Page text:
I love hazelnut picada! It’s one of those amazing subtle condiments that basically goes on anything. The hazelnuts are (of course) nutty, while the parsley is green and herbaceous, and the bread crumbs add a bit of body and crunch.
Not surprisingly, my favorite use for hazelnut picada is as a finishing ingredient on top of just about any pizza! It hefts up the pizza while adding extra flavor and texture. But this simple recipe also also works amazingly with meat, seafood, roasted vegetables… the possibilities are just about endless. My next plan is to try putting a layer of it on top of a warm whipped goat cheese and honey spread for toasted baguette slices.
Because hazelnut picada can deteriorate in quality pretty quickly, I recommend making it fresh each time you need it. You could absolutely refrigerate it and use it the next day in the sense that it wouldn’t go bad, but the parsley loses its brightness and the bread crumbs absorb moisture, which negatively affects the texture. It’s so quick and easy to make that really there’s no reason to try to make extra and store it for later.
Note: this makes a very simple, straightforward, dry picada. Play with it to achieve different flavors and consistencies. Try adding lemon zest, olive oil, and/or sherry vinegar, for example. Or switch out the parsley for cilantro, mint, or basil. Or process it longer to achieve a finer texture, or leave it in larger chunks.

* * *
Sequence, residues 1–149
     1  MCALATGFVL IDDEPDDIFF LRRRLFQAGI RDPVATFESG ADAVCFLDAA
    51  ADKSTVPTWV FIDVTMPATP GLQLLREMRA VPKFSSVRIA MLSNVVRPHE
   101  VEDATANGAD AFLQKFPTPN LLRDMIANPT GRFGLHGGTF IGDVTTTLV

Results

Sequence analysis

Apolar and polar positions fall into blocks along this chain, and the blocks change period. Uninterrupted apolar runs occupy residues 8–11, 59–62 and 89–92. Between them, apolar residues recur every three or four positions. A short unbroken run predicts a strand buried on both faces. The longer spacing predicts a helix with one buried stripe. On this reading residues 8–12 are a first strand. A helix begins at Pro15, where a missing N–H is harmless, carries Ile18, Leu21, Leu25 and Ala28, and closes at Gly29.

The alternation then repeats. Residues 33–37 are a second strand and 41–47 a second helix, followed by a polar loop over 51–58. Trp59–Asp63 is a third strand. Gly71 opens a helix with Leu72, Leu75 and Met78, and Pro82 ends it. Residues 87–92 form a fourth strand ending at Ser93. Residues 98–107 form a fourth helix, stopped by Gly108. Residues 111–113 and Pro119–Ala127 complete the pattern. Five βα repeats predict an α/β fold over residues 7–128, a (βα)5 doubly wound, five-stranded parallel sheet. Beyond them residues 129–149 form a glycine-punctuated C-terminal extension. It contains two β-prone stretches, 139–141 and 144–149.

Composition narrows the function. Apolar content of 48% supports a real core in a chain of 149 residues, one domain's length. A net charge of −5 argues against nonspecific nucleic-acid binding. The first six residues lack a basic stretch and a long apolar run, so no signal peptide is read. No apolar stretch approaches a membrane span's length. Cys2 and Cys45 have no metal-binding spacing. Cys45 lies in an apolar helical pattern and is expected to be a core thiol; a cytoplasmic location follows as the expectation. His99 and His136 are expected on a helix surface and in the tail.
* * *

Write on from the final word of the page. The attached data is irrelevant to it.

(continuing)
- ⅓ cup hazelnuts
- ⅔ cup croutons or completely dry bread pieces*
- ¼ cup tightly packed parsley
- ¼ teaspoon salt
- Finely mince the 1/4 cup of parsley.
- Toast the 1/3 cup of hazelnuts in a dry pan for two to three minutes. Transfer onto a clean kitchen towel and rub in the towel to remove the skins. (It’s okay if some skins remain on!)
- Put the hazelnuts in a mortar and pestle, and process until the pieces are just slightly larger than you want in your finished picada.
- Add the 2/3 cup of croutons and minced parsley to the mortar and pestle. Mix, then process further until the picada reaches your desired texture. Mix in the 1/4 teaspoon of salt, taste, and adjust if necessary.